Grenadier companies were first formed in the British Army in 1678, and were not finally abolished until 1855. By the time of the Quebec campaign, the 13 companies of a British foot battalion included one of grenadiers and one of light infantry.
The grenadiers, as the battalion elite, were traditionally posted on the right (with the light infantry deployed on the left), though it became common practice to detach an army’s grenadiers and form them into improvised battalions of shocktroops. Wolfe used his grenadiers in this way for the abortive attack on Beauport on 31 July – and felt compelled to reprimand them subsequently for their impetuosity.
Grenadiers had their origins in the particular demands of 17th-century siege warfare. They made their first appearance in France, in the armies of Louis XIV, and their original role was to act as leading assault-troops in attacks on enemy ramparts. They would lob their grenades overhead and then storm the enemy embrasures.
Grenades – from the Spanish granada, meaning ‘pomegranate’ – consisted of small iron shells of one or two inches diameter, filled with black powder. Wolfe’s grenadiers carried their grenades in large black-leather pouches. These were suspended on the right hip from a wide buff-leather cross-belt, worn over the left shoulder and buckled at the front. Above the buckle was a brass match-case, with a chain to hold the slow match needed to light the fuse.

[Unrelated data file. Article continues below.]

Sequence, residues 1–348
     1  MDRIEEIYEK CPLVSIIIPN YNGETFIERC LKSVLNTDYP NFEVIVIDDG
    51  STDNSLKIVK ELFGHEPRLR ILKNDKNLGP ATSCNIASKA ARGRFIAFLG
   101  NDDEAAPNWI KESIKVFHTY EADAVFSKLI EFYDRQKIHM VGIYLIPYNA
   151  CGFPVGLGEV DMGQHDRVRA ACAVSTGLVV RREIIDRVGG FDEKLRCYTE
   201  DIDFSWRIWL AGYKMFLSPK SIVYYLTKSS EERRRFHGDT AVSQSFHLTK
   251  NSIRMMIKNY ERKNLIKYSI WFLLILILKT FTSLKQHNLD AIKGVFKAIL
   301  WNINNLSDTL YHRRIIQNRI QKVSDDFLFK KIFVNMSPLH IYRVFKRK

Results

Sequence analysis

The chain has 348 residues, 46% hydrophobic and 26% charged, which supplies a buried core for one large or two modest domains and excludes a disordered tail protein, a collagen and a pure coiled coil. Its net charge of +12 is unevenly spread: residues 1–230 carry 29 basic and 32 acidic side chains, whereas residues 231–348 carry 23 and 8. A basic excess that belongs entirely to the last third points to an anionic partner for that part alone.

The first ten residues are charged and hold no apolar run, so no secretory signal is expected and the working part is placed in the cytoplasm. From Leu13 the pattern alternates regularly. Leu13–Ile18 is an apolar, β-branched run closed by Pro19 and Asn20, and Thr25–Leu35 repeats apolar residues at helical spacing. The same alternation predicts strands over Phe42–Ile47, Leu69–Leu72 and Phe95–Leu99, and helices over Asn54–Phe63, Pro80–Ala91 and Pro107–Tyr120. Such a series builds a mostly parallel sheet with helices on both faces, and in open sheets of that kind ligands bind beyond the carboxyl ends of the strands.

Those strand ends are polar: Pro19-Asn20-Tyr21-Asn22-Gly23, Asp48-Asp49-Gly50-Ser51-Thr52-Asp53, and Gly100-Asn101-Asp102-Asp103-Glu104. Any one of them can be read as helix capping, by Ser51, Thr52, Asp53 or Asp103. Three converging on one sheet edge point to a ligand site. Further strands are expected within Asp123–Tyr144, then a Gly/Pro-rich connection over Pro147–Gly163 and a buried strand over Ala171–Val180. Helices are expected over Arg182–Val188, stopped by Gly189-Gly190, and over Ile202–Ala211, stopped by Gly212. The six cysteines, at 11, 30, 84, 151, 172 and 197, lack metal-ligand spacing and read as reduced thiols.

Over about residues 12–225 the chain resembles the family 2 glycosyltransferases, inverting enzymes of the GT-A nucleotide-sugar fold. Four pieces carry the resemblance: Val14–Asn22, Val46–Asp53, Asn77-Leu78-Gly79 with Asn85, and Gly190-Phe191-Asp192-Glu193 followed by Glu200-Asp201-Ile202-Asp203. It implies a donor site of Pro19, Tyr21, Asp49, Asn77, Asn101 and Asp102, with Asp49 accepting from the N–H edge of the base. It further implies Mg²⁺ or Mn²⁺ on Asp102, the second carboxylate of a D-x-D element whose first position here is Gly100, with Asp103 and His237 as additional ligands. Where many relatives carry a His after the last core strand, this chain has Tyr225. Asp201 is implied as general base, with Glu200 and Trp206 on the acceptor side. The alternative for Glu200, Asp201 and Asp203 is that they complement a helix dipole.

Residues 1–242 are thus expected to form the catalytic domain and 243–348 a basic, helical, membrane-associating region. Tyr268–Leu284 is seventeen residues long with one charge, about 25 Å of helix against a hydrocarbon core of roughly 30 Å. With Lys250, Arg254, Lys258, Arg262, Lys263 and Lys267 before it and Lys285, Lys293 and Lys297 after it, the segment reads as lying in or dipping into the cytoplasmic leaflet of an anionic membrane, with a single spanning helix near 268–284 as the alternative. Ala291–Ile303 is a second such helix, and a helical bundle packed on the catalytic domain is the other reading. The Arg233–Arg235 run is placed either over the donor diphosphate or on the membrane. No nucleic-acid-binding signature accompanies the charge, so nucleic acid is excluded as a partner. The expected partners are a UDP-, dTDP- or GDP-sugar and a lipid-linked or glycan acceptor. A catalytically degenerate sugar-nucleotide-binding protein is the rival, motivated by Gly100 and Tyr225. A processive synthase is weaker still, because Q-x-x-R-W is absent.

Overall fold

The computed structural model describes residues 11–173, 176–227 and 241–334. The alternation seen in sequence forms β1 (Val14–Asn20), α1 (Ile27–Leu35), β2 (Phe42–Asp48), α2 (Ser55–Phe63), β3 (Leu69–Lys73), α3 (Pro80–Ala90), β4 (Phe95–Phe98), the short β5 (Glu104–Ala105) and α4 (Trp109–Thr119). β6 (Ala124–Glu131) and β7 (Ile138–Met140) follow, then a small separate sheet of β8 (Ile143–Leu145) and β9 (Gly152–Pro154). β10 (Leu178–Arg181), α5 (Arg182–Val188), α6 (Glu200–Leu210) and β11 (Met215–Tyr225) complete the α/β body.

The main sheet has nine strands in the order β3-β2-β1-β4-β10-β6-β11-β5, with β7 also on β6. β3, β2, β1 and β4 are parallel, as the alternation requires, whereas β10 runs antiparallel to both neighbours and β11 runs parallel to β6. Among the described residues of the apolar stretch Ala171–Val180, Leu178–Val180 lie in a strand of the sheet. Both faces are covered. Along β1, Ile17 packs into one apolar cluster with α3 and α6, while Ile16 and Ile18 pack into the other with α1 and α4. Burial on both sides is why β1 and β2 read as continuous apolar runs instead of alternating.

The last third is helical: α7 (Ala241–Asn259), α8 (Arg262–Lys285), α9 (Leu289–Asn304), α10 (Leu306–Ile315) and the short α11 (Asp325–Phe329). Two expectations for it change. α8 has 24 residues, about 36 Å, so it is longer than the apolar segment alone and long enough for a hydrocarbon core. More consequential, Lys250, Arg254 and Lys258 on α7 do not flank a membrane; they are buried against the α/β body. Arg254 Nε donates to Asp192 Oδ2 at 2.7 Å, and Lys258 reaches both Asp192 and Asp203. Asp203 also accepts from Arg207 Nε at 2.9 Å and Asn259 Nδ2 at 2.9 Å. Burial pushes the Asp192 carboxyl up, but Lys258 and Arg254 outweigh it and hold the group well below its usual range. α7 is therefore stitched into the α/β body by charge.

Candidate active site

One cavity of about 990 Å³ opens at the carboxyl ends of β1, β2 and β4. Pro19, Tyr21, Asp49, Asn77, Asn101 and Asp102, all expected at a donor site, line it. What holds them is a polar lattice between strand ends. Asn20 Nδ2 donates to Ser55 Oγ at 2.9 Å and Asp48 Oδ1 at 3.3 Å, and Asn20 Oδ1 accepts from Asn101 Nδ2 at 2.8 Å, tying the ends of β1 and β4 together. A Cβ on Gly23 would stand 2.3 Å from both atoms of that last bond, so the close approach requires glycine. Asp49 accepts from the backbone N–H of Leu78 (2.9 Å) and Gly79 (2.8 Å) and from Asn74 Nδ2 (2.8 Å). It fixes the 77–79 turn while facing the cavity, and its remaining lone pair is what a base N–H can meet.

Grenadiers also carried the standard infantry equipment of musket, bayonet, and ammunition (the latter carried in a black pouch suspended at the front from a black waist-belt). To make it easier for grenadiers to sling their muskets on their backs and also to swing their right arm when throwing a grenade, the broadbrimmed tricorne hats worn by most infantry were replaced by distinctive mitre caps of embroidered cloth.
Grenadiers were selected for size and strength – not least because larger men could throw grenades further – and their mitres served to enhance their stature. The elaborate embroidery on these, and the rich facings and fittings on their tunics, gave sartorial expression to the high status of these soldiers.
The changing nature of warfare in the first half of the 18th century – from static wars of position dominated by sieges to more fluid wars of manoeuvre in which armies fought open pitched battles – meant that the grenade was becoming obsolete by Wolfe’s time. Increasingly, the grenadiers abandoned their eponymous weapon in favour of reliance on the musket and bayonet. But they retained their character as a military elite, continuing to be selected for size and courage, and they were repeatedly used to spearhead assaults.